The root of Kane’s ruin begins with his entrance into the political arena, the most public phase of his ever-changing personage, which is itself preceded not with a bang, but with a song and a speech. In the first scene, the viewer observes Welles’s Kane in a rare moment of joyful intimacy, proudly applauding an at-home vocal performance by his kept yet covert mistress, Susan (Dorothy Comingore), a dim-bulb blonde with an open heart but limited talents who will become Kane’s greatest stumbling block. Immediately following this, Kane’s illustrious editor (and soon-to-be auteur) Robert Wise cuts from Kane’s spirited applause in the furnished apartment he bought for Susan to the scattered clapping of a group of working-class townsmen, who have gathered in a back-alley to hear Leland (Joseph Cotten), Kane’s right-hand man, as he stumps with firm-hearted conviction for Kane’s bid for the New York governorship. Leland is situated amid low-hanging clotheslines and standard white posters reading “KANE FOR GOVERNOR,” but in a discreetly sharp use of mise-en-scene, the platform on which Leland stands while plugging Kane’s candidacy is actually the backseat of a shiny automobile, a visual touch that stands in clever contrast to the urban milieu and Leland’s own cheeky description of the profligate Kane as a “friend of the working man.”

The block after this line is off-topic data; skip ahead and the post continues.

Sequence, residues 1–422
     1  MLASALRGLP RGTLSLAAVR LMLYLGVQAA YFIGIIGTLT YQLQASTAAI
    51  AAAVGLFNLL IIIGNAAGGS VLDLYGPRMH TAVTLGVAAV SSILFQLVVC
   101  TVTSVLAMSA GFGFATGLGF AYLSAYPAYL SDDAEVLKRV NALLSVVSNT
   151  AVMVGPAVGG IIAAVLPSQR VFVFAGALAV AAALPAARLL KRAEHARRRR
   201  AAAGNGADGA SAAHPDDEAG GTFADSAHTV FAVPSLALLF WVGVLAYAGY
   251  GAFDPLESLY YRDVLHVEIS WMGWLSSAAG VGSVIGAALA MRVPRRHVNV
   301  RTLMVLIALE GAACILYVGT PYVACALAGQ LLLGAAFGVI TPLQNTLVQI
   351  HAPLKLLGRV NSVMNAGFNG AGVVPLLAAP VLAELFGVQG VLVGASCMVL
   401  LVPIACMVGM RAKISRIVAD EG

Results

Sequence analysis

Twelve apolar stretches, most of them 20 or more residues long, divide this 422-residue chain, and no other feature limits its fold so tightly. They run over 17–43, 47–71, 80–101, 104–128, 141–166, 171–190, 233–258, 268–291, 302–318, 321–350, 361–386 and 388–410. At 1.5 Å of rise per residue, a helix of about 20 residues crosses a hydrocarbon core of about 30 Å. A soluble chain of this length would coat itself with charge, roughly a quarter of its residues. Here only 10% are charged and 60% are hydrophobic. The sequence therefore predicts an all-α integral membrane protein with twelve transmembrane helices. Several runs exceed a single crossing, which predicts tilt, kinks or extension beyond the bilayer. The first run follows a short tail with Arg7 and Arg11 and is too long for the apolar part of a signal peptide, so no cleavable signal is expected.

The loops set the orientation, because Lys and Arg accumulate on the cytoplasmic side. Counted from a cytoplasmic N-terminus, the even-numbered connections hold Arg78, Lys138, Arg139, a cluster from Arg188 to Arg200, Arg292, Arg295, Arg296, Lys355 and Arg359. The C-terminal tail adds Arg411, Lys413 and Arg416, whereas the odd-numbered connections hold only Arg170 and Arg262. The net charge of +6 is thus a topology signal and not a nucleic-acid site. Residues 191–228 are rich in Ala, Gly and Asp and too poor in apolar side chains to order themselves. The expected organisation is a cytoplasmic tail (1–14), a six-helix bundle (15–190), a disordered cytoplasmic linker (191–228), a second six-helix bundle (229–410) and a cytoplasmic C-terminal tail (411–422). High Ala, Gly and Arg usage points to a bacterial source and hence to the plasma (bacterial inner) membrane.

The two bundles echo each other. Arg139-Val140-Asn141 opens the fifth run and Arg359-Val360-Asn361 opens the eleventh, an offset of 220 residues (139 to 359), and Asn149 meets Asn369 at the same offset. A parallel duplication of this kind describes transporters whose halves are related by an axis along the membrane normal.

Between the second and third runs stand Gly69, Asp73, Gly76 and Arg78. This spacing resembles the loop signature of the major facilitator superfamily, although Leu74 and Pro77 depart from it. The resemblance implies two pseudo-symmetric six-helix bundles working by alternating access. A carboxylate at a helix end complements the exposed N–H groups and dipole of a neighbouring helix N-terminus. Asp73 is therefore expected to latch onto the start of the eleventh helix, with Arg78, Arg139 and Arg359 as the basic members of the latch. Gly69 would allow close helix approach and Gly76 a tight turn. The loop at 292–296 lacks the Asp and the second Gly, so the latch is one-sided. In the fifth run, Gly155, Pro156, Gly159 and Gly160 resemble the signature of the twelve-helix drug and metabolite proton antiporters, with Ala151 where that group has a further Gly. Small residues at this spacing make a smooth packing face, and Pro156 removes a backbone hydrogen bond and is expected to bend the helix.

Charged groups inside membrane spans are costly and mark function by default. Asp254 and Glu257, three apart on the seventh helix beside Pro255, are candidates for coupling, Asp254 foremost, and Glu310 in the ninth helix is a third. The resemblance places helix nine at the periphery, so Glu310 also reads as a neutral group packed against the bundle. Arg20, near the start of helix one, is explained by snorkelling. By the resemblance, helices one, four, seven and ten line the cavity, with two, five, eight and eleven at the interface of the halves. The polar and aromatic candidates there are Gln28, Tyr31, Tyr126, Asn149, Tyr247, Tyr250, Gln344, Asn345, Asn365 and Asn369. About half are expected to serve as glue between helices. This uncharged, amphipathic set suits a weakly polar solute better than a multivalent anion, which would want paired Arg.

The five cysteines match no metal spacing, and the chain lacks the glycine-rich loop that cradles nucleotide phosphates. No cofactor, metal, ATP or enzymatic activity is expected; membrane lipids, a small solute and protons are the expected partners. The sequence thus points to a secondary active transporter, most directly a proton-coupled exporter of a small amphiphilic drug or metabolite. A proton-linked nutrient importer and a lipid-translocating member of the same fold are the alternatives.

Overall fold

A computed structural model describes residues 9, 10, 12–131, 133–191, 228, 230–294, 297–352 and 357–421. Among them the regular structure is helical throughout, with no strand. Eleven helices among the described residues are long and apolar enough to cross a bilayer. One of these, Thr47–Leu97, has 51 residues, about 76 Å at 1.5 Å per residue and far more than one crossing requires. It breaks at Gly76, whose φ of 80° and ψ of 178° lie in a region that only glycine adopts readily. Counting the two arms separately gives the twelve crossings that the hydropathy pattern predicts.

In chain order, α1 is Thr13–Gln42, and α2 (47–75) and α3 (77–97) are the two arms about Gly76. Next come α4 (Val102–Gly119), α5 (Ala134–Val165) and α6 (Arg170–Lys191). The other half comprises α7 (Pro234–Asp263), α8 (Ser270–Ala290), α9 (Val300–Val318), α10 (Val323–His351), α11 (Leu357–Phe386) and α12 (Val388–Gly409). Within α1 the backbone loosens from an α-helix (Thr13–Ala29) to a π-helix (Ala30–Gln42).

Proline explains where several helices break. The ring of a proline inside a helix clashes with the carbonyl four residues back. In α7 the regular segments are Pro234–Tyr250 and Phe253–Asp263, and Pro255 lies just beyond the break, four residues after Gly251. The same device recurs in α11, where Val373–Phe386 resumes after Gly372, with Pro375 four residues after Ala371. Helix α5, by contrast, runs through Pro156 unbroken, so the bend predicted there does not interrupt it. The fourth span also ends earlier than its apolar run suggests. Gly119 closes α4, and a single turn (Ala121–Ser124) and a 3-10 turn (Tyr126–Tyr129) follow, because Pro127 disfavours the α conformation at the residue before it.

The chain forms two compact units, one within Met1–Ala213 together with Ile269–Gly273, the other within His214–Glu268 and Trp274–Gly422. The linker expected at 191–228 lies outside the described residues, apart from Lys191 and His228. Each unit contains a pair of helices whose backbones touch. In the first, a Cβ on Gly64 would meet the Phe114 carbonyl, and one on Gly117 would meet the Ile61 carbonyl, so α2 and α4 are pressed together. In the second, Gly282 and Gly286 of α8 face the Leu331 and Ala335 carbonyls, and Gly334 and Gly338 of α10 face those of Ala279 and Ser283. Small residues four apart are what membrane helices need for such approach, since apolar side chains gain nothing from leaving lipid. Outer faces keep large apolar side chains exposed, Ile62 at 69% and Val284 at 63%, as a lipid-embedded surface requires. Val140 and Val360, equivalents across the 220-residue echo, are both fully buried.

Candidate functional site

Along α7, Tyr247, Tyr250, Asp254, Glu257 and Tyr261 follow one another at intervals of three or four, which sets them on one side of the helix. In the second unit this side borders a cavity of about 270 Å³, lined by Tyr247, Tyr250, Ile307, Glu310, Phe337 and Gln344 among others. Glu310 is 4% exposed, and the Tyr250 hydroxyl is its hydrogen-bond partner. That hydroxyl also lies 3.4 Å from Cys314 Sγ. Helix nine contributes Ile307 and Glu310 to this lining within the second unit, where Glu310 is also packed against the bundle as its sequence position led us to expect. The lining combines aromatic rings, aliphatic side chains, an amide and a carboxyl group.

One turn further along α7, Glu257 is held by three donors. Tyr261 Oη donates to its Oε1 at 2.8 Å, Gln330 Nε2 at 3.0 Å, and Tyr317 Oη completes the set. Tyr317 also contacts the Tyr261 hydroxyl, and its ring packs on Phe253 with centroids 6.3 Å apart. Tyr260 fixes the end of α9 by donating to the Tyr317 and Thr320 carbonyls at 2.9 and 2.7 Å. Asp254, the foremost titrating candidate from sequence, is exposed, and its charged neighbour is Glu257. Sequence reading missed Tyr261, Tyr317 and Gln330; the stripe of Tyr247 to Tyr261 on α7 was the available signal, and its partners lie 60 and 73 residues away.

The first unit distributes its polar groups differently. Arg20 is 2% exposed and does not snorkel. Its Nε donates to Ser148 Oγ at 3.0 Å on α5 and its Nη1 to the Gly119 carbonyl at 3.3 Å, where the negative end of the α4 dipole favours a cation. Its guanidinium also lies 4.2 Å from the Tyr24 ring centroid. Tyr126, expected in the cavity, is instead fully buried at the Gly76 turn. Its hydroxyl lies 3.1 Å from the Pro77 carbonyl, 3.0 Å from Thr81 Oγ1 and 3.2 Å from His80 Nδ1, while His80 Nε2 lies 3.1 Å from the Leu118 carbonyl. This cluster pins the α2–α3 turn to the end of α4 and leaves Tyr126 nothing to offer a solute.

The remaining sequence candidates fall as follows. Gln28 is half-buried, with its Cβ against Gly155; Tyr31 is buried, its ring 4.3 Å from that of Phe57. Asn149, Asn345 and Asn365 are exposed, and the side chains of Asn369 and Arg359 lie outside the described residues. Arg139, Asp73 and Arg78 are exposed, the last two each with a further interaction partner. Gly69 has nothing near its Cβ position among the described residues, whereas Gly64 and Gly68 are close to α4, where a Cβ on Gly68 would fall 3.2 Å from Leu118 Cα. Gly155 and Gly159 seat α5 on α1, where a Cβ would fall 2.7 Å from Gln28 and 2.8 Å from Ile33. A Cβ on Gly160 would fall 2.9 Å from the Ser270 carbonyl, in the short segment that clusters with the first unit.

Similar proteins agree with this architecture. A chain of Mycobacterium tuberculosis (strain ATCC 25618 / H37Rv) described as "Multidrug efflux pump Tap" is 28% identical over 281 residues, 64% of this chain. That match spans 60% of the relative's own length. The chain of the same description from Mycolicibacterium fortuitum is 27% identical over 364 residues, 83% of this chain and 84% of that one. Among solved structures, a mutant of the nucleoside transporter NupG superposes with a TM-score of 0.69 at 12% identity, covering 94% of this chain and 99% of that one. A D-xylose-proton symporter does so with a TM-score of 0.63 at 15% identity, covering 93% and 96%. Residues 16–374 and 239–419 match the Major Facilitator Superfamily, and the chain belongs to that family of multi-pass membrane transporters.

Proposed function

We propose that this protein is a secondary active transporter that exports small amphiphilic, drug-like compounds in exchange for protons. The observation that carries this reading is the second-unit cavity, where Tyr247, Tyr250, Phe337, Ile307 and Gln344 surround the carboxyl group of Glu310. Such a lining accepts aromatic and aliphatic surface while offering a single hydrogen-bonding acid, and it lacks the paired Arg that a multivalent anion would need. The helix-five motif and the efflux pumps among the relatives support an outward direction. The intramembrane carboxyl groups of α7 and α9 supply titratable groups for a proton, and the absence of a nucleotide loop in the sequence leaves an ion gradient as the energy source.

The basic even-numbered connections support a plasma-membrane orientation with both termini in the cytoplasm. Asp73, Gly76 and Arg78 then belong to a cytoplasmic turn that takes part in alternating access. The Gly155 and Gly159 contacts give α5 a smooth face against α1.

There is nothing too urgent per se about each of these seconds-long scenes, each filmed in distancing long shot, although their purposely static nature only builds our anticipation when the camera suddenly cranes forwards and upwards towards Leland, whose increasingly impassioned speech suddenly gives way to an impassioned speech by Kane himself. With one swift cut, Wise transports us from the image of Leland’s slender frame being outflanked by the fire escapes and brick walls of the surroundings in which he canvasses to Kane’s blown-up, posterized face, his surname spelled out like a warning in bold, black lettering. As the camera cranes downward from this larger-than-life rendering of Kane, it finally settles in a high-angle shot on the man of the hour, promoting himself with typical grandstanding panache on a nondescript stage, standing behind a podium while surrounded by a dozen or so supporters. The booming, reverberating volume of Kane’s voice indicates that this arena is clearly larger than the alleyway in which Leland did his ballyhooing, but it isn’t until the next shot that we can fully grasp the size of both this grand space and Kane’s seemingly unstoppable ascendancy.